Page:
Happy Hearts

Lift Up Your Heads, Ye Mighty Gates

~George Weissel, 1642


Lift up your heads, ye mighty gates;
Behold, the King of glory waits;
The King of kings is drawing near;
The Savior of the world is here!


A Helper just He comes to thee,
His chariot is humility,
His kingly crown is holiness,
His scepter, pity in distress.


O blest the land, the city blest,
Where Christ the Ruler is confessed!
O happy hearts and happy homes
To whom this King in triumph comes!

Fling wide the portals of your heart;
Make it a temple, set apart
From earthly use for heaven’s employ,
Adorned with prayer and love and joy.


Redeemer, come, with us abide;
Our hearts to Thee we open wide;
Let us Thy inner presence feel;
Thy grace and love in us reveal.


Thy Holy Spirit lead us on
Until our glorious goal is won;
Eternal praise, eternal fame
Be offered, Savior, to Thy Name!  Amen!

[George Weissel patterned his hymn after Psalm 24, a psalm of David.  Catherine Winkworth then translated this into English in1855.]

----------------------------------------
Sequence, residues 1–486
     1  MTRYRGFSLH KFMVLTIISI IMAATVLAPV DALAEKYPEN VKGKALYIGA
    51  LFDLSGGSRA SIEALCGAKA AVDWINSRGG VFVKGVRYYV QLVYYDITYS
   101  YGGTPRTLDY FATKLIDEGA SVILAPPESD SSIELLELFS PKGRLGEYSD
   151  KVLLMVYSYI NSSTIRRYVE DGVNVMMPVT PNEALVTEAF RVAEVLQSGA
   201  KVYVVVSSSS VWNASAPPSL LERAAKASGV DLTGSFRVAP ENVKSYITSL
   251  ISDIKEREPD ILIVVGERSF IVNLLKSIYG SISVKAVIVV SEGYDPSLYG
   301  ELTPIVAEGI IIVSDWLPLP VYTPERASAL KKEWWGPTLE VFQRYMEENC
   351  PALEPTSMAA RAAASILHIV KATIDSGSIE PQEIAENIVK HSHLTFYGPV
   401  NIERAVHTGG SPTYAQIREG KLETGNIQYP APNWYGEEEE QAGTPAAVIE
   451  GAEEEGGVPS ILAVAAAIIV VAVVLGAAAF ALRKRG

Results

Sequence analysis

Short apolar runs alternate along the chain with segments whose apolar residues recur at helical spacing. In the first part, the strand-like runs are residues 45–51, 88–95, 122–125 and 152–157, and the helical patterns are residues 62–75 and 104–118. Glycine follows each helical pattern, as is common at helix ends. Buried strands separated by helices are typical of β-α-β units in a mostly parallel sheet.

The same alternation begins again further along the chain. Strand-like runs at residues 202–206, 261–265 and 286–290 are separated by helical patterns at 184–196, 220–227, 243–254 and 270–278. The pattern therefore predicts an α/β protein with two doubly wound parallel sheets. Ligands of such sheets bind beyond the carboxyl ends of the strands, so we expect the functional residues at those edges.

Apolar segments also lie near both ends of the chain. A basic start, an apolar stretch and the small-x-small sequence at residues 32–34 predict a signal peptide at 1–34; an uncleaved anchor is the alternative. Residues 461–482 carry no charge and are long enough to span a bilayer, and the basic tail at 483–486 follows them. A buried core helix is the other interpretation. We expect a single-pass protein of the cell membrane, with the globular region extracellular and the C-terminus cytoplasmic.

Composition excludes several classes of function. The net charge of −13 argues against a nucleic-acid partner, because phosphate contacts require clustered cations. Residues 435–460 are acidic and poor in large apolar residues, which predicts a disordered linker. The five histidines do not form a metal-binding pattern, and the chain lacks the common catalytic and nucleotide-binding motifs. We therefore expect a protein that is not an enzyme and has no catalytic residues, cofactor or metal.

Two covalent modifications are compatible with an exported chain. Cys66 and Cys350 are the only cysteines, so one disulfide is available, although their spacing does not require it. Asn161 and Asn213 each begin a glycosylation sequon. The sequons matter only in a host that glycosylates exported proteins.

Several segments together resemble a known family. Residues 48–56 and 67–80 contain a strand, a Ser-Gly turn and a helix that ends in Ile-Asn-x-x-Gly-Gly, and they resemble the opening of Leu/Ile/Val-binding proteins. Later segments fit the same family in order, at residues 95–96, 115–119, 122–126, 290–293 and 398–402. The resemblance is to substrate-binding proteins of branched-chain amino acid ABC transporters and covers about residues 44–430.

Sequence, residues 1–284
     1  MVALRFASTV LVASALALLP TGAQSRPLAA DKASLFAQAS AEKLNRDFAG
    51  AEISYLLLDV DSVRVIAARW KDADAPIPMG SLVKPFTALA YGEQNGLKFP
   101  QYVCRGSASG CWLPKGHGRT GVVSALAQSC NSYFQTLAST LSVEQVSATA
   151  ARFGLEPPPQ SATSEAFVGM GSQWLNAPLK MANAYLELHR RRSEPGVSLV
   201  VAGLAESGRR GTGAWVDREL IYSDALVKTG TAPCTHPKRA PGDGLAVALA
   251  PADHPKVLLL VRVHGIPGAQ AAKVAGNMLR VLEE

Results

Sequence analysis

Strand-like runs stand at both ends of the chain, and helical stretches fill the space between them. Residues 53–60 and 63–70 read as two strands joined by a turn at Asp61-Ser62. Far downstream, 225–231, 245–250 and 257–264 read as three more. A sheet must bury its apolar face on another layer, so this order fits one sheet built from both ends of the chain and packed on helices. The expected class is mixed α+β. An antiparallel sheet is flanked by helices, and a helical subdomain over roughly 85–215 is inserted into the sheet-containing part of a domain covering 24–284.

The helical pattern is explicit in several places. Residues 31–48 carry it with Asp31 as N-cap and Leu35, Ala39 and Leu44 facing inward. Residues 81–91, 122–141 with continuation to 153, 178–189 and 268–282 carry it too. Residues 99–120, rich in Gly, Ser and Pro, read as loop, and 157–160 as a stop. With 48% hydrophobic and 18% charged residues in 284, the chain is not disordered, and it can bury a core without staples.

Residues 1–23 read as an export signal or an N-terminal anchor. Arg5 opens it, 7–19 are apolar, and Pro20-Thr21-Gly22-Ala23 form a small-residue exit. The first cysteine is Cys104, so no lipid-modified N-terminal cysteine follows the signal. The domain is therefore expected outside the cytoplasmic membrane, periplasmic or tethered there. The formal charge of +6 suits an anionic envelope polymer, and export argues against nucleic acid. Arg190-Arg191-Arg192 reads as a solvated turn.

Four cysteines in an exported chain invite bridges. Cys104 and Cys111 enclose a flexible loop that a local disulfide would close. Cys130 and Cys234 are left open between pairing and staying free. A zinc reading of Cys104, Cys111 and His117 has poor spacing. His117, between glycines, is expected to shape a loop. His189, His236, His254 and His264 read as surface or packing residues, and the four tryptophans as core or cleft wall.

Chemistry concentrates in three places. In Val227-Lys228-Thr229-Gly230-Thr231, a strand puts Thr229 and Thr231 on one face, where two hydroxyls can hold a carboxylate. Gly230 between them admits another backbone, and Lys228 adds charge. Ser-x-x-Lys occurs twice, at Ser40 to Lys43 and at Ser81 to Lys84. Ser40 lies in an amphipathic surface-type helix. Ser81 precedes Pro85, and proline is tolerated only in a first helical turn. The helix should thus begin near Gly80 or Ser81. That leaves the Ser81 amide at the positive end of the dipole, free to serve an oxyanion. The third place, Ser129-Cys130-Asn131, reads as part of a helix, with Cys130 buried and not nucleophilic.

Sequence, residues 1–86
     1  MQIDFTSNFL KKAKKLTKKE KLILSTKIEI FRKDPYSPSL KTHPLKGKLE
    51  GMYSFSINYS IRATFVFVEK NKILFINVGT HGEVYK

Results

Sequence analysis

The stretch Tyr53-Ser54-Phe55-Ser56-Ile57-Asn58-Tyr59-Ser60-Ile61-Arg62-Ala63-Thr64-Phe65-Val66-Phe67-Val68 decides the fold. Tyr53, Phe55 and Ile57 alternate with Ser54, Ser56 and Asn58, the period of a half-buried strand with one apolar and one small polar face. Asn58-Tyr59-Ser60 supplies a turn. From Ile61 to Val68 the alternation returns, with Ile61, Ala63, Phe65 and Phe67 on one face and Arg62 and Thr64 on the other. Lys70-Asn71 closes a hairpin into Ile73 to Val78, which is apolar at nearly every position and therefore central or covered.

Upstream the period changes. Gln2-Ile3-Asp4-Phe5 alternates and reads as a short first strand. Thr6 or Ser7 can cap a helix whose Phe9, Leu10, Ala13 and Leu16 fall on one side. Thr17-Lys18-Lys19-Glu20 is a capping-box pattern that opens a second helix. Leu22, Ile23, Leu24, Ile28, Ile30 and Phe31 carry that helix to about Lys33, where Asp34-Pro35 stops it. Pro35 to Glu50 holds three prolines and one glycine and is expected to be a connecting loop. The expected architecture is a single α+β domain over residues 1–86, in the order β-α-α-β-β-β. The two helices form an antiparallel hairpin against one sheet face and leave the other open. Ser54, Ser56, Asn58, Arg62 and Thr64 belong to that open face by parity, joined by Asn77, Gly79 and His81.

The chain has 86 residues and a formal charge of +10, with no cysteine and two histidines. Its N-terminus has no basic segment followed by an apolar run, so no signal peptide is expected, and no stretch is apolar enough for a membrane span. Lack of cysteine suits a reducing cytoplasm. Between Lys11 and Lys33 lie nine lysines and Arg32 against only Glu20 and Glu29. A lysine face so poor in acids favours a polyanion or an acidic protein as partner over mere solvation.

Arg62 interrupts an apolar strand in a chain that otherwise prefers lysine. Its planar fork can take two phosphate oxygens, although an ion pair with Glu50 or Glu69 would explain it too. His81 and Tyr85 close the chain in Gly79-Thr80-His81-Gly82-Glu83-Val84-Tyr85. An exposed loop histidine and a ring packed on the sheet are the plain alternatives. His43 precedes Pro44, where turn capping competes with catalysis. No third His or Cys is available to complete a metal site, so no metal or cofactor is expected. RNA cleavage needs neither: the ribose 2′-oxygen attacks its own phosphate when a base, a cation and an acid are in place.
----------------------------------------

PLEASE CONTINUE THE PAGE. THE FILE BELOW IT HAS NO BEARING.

Father our holy God, we acknowledge your sovereignty above all the earth, and we confess our need to be like you.  In thanksgiving and awe may we sing eternal praises to our Redeemer and King, Christ our Lord.  Abide within our hearts that the world may sense the presence of the living God.  Reveal your grace and love in us as we walk along our pilgrim way, and lead us to our journey’s end—praising you that our glorious goal is won.   In His name.  Amen!

7 comments on “Happy Hearts

  1. ddkaarre says:

    One of my favorite Advent hymns…haven’t sung it yet this season of anticipation and preparation for His coming…thanks for sharing it today!

  2. Posting music is so neat…so many words forgotten but you bring them back in well thought out posts.

    • Thank you, Linda. I believe it is important to refresh the oldtime hynms, as the older they are, the closer they are to the truth and beginning of Christianity.

  3. Hi Anne! This is an excellent demonstration of God’s word going forth into the world. George Weissel wrote the words in German, then Catherine translated them into English almost 200 years later. His wonders and timing never cease!

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